Next Amudha enlists a friend, borrows money from her grandfather, and catches a bus with her friend to the port city of Rameswaram, where she was born and where she hopes to find her mother. Scenery galore but no luck in Rameswaram. Her parents retrieve her again. Madhaven, playing the father, has the strong, charismatic screen presence of a major star, and Simran (Indra) and P.S. Keerthana (Amudha) stand up to him admirably throughout the film. (Or perhaps I’ve got this backwards: http://inadeeptrance.blogspot.com/2007/09/mani-ratnam-top-10-part-2.html.)
Aumdha is struggling here with her confused feelings about Indra. Does this woman who is not her true mother even love her? Does Indra love her as much as she loves her two real sons? Deeply upset, Amudha notes that her skin is darker than her mother’s. “Did you find me in a dust bin?” she asks unhappily.
Indra’s feelings are expressed in the second musical montage:
There is a throbbing in my chest
and a thudding in my ears
when you kiss me so tenderly.
Oh flower that God gave me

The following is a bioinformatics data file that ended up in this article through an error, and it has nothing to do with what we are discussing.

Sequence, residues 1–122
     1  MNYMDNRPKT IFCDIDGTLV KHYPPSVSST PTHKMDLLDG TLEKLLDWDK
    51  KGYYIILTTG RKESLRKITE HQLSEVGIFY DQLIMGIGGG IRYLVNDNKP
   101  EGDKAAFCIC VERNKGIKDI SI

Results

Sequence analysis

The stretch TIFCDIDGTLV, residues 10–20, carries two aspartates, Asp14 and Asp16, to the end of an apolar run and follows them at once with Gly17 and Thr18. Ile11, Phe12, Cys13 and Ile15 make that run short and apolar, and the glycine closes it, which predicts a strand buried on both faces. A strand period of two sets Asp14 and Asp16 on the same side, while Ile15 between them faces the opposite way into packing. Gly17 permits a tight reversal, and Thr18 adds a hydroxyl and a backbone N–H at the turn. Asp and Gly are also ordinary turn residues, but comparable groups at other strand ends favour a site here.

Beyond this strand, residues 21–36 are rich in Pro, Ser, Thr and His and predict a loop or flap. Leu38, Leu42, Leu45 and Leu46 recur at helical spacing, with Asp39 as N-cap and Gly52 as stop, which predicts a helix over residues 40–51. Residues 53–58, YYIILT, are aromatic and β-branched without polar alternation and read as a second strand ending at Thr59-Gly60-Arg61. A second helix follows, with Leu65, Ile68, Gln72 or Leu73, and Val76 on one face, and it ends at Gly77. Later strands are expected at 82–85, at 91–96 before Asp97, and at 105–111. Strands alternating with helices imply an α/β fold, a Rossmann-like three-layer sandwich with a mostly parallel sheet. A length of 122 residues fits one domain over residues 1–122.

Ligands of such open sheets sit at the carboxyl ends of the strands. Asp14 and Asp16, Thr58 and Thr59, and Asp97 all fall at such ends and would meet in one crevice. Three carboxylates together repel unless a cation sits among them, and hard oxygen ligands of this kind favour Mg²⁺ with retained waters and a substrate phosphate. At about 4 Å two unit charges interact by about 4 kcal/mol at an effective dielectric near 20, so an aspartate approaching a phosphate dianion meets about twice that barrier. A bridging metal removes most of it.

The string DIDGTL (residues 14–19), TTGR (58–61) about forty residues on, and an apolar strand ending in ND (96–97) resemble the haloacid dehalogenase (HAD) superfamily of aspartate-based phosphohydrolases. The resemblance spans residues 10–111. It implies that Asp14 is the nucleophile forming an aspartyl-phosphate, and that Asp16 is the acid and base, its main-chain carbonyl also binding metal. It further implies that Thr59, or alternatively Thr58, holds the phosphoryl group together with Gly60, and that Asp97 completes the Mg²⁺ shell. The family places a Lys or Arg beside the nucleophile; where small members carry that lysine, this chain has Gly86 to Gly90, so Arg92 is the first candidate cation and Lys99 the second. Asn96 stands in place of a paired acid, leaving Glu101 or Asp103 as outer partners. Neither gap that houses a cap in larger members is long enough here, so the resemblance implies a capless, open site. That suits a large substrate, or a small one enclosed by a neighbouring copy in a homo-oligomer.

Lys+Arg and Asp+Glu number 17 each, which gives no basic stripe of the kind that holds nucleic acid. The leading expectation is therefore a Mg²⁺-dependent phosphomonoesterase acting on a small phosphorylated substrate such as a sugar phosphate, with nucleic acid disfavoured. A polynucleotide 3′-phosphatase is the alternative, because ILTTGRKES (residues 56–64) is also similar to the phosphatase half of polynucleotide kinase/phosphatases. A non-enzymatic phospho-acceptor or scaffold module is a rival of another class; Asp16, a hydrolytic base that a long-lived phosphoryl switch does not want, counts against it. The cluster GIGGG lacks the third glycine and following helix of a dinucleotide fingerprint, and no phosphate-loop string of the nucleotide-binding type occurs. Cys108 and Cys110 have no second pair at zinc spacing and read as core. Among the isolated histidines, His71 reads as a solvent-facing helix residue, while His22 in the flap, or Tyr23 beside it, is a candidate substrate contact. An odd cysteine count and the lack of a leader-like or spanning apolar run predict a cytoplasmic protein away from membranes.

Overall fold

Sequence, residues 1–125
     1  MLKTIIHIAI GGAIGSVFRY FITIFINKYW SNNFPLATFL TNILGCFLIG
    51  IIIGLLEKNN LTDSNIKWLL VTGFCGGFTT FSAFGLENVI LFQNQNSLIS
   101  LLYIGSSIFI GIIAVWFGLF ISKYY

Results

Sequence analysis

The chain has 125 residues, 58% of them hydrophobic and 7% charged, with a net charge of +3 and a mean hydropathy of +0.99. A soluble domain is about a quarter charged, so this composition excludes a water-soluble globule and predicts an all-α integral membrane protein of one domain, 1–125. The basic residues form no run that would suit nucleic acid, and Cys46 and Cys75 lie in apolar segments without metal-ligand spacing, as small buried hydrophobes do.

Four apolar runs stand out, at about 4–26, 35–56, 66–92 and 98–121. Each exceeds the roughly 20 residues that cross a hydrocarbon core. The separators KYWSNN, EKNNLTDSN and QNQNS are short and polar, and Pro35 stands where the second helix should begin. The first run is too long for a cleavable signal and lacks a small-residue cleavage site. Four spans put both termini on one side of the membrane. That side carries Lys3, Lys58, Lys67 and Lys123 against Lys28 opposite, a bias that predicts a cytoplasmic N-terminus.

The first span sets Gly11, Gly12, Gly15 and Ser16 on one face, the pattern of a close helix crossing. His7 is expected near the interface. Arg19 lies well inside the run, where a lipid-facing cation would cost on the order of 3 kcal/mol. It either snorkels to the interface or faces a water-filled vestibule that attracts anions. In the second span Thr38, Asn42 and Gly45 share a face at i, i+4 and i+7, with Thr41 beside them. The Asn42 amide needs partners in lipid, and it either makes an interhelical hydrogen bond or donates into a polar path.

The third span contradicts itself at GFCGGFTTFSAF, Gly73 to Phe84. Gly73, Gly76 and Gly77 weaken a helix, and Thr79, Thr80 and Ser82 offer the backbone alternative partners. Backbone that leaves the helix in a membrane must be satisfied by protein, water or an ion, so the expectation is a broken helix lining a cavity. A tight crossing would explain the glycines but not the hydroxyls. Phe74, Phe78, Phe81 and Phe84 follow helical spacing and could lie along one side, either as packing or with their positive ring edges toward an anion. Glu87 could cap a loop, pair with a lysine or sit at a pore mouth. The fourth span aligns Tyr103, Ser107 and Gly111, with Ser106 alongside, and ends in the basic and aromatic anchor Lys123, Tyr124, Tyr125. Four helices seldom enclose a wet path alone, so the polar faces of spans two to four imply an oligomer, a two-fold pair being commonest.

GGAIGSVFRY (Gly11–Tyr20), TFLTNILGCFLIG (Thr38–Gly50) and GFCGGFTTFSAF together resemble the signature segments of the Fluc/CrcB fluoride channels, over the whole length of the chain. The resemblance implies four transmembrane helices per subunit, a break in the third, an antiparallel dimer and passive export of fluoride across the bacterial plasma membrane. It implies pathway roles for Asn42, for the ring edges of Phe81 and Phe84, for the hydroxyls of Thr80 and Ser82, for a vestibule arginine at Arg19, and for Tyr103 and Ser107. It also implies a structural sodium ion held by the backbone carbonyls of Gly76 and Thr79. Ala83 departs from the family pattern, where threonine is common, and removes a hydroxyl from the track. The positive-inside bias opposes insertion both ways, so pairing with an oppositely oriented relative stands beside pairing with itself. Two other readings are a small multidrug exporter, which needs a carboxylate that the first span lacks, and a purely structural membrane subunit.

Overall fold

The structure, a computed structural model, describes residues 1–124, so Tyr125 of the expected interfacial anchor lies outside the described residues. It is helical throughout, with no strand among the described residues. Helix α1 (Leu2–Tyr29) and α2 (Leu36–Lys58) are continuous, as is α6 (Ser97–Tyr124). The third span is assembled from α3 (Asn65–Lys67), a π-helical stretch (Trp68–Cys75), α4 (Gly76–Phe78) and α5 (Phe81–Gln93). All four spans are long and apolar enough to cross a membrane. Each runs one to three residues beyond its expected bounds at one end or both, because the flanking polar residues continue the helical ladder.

What are you looking for in my eyes?
You are the spot where our life begins.
You are the spot where the sky ends.
You came like the gentlest of breezes
…then stayed on as my breath.
You’re the life that takes its source in my heart.
You are the one that is close to me.
You are my foe as well.
You are the flower of love.
You are the thorn in my womb.
You are the beloved rain.
You are the small burst of thunder.
You are the newborn and the life that departs.
You are the birth that is born in death.
The song is accompanied by upbeat images of mother and daughter together on a vast beach of white sand, with the wooden bones of an ancient shipwreck, the couple splashing in shallow water, and much more, all in white and blue with vivid color in the clothing of mother and daughter. Not something that you’ll see and hear in a Hollywood film.
In spite of these strong maternal feelings that Indra has for her, Amudha remains concerned. From time to time, she stops talking to Indra entirely, as if she were fourteen or fifteen, not nine.
Here we get some extended backstory about how Thiruchelvan and Indra met and married and how they came to adopt Amudha. Back in the present, Amudha’s father realizes that she will not give up until she finds her mother. He promises her that he will help her do so and the movie breaks for an intermission at the one hour and fifteen minute mark.